The judge overseeing the emotionally charged case of a young black man who died in police custody is a former federal prosecutor who used to put dirty police officers on trial.
Friends and colleagues describe Baltimore Circuit Judge Barry Williams, an African-American, as an even-handed judge who has a sense of humor but doesn’t tolerate any courtroom grandstanding. People on both sides of the Freddie Gray case agree he is the best judge for the job.
Williams will decide perhaps the most important trial in the Gray case. Officer Caesar Goodson faces a second-degree murder charge in the death of Gray, whose neck was broken in the back of a police wagon last spring. Goodson waived his right to a jury in favor of placing his fate in Williams’ hands. His trial begins Thursday.
Similarly, Officer Edward Nero, who faced assault and other charges in Gray’s death, opted for a bench trial. Williams acquitted Nero of all charges last month.
Williams’ verdict in the Nero trial was so narrowly focused it gave little indication of how he might rule for the van officer, who prosecutors say is the most culpable for Gray’s death.
Gray died April 19, 2015. His death sparked protests and riots across the city, and he joined a growing list of young black men who died after encounters with police officers.
Critics say the city’s top prosecutor Marilyn Mosby was too hasty when she brought charges against six officers last year, but as the trials moved through the system, Williams’ mentors, advisers and colleagues unanimously agree that there’s nobody more prepared to handle a case with such weighty implications.
“I’ve been trying to think, could I imagine anyone else in terms of their career path who would have been better prepared for this case?” said Larry Gibson, a longtime professor at the University of Maryland Francis Carey Law Center who once taught Williams. “I can’t.”
Williams, 53, was appointed associate judge in Baltimore in 2005 and was later elected to keep his seat. Before that, he worked as a trial attorney for the U.S. Department of Justice Civil Rights Division, where he prosecuted police misconduct cases before he became special litigation counsel there.
Among his cases was the trial for Washington police officer Lawrence Holland, who was accused of severely beating a man at a traffic stop. Holland eventually pleaded guilty.
Prior to the Justice Department, Williams worked in Baltimore, as an assistant state’s attorney specializing in street crime.
Each morning, Williams enters his courtroom clutching an oversized tea cup and bids the attorneys and those sitting in the gallery good morning. Some days he won’t begin the proceedings until he gets a response back, in unison. He is stern and focused, but sometimes trades light barbs with attorneys during motions hearings.
During the November trial of Officer William Porter, which ended in a hung jury, Williams placed small bowls full of candy in front of each juror, and obliged a request during deliberations for a refill.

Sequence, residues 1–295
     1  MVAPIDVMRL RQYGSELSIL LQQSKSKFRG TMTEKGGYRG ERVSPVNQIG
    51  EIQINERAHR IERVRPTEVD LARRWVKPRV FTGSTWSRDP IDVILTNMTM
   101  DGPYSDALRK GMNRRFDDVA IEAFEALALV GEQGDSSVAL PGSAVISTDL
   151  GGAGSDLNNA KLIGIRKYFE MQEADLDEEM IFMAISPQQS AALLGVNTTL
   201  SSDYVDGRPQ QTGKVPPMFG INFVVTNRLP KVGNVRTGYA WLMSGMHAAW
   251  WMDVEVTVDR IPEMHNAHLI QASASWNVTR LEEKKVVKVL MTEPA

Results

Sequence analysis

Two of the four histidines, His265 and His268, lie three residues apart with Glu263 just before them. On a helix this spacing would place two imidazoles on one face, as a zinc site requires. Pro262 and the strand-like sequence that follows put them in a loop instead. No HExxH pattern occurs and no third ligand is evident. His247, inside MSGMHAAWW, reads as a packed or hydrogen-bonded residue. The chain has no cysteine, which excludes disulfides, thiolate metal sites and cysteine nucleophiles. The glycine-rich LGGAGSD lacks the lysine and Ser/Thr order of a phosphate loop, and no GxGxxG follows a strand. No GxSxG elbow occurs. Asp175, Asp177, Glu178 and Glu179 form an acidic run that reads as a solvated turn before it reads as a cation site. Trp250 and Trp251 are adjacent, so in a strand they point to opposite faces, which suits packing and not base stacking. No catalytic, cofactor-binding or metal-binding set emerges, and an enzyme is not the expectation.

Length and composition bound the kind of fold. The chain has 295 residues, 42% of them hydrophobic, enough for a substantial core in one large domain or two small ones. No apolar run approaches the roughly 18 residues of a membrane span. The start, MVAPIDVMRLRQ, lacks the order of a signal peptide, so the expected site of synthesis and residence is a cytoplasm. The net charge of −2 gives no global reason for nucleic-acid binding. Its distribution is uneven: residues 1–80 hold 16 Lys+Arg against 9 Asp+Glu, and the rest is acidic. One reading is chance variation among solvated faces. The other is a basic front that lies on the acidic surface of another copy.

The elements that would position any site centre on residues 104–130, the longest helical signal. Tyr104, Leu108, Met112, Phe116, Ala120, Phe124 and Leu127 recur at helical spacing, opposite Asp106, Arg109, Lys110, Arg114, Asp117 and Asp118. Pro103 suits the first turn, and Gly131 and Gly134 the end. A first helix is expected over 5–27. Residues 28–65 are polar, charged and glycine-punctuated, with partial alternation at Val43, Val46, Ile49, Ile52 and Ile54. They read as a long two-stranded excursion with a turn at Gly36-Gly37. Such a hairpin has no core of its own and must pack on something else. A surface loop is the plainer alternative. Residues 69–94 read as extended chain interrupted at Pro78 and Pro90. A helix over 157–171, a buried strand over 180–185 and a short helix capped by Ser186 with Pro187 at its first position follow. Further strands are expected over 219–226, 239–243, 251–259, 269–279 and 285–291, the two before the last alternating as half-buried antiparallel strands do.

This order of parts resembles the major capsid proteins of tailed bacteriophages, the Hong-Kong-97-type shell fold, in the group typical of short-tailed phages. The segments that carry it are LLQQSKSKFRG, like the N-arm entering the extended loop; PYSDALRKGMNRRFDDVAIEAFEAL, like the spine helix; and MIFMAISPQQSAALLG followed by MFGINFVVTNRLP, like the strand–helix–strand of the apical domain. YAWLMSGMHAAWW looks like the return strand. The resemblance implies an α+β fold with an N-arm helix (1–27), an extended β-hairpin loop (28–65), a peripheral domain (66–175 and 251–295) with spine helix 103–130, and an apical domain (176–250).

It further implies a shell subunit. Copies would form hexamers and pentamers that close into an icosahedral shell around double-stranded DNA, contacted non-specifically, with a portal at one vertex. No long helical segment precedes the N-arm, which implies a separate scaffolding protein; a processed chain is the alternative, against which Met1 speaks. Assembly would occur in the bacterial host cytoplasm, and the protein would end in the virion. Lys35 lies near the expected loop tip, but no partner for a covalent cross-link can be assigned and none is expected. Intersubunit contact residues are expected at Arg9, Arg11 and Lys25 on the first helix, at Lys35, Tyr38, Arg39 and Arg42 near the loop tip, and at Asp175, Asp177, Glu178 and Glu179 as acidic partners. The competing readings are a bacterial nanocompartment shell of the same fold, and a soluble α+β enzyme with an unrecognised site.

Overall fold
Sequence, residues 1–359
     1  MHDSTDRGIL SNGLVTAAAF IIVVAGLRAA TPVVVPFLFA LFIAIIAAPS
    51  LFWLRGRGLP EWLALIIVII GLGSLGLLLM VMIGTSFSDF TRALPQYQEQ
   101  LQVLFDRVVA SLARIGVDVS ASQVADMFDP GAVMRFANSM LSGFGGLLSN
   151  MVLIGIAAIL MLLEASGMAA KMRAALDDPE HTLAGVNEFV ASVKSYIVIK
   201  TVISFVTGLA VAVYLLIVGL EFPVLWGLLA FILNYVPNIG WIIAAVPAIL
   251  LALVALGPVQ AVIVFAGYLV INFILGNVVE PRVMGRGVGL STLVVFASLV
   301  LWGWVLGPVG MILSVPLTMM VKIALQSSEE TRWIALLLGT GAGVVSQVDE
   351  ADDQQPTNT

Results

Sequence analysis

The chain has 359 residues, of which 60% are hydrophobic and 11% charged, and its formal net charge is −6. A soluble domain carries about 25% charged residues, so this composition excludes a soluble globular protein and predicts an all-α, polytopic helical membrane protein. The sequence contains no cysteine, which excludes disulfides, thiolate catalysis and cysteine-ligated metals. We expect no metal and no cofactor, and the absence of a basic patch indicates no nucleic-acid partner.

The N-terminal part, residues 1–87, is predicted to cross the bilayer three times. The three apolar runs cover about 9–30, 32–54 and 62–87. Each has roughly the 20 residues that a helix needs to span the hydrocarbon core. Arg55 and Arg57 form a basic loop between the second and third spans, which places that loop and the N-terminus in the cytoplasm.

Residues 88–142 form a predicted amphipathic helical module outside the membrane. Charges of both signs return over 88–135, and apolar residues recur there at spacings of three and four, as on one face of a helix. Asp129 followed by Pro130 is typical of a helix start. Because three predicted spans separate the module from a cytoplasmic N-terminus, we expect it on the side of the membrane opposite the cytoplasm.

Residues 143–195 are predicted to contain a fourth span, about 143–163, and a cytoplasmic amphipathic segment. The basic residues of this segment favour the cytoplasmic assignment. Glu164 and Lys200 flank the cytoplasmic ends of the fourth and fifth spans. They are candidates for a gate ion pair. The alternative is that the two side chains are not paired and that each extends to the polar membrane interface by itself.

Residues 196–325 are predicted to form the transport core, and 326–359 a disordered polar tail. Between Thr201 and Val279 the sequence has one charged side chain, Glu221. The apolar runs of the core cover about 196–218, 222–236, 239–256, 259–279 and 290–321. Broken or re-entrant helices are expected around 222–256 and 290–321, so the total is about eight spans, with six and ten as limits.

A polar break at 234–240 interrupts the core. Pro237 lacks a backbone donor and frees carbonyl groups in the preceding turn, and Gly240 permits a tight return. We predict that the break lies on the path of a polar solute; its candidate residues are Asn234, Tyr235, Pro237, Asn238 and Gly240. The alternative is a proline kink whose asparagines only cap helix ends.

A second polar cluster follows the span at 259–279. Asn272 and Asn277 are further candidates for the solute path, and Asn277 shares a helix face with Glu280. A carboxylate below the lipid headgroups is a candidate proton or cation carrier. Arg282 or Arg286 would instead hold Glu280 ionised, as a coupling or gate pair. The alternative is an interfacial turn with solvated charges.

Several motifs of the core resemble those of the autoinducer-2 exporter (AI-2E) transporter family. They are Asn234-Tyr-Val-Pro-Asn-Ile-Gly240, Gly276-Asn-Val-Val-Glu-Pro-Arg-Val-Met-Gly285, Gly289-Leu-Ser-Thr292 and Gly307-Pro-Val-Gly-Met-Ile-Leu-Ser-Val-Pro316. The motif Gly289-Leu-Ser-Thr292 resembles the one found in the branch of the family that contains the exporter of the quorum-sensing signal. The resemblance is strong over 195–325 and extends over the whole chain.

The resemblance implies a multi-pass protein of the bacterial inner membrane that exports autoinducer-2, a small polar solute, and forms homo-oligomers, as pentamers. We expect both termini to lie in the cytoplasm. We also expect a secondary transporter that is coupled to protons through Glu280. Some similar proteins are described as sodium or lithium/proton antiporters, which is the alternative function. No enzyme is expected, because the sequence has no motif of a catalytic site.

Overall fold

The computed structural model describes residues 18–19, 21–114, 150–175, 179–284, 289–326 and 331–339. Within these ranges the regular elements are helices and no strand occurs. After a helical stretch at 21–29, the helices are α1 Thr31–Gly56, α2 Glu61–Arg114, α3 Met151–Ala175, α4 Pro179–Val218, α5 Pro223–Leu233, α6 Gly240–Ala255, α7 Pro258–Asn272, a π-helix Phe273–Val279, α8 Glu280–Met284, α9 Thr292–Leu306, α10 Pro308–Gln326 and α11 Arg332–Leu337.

Those who have worked alongside him and appeared before him in court say he is tremendously fair, bearing no clear preference for prosecutors or defense attorneys.
“His decisions are based on the law and not emotion, and I wouldn’t say that about every judge,” said attorney Warren Alperstein, who has watched the officers’ trials. “He’s neither considered defense- nor state-oriented. And if you’re stepping out of bounds he’ll let you know very, very quickly.”
During closing arguments in Nero’s trial, Williams repeatedly questioned Deputy State’s Attorney Jan Bledsoe about the state’s theory, asking over and over whether prosecutors were implying that officers should be charged with crimes for stopping people without probable cause.
Months before, at Porter’s trial, Williams threatened to hold Porter’s defense attorney Joe Murtha in contempt of court while he was cross-examining Dr. Carol Allan, the assistant medical examiner who prepared Gray’s autopsy report.
Williams’ ability to keep each of the cases separate is clear in his ruling acquitting Nero. After determining that Nero wasn’t directly involved in Gray’s arrest, Williams said he wouldn’t address whether or not policemen could or should be prosecuted for stopping people without probable cause.
Not all of his decisions are without controversy.
Williams has taken a strong stance against requests for more public access to information, issuing a sweeping gag order preventing not only defendants but also their attorneys and witnesses from speaking publicly until all of the cases are finished. He also asked jurors in the Porter trial not to speak to reporters about their deliberation process.
Williams also made headlines when he ruled that Porter, who is currently pending retrial, must testify against some of his colleagues.
But even his most contentious decisions come from a place of legal scholarship; even his decision to acquit Nero was largely viewed as fair by those firmly planted in Gray’s camp. Billy Murphy, the Gray family attorney, called it “well thought out and reasonable under the circumstance.”
“I commend him for being a credit to his bench because there was all kinds of pressure, enormous pressure, for him to go in the other direction,” he said, “and he showed tremendous courage in ruling against public opinion.”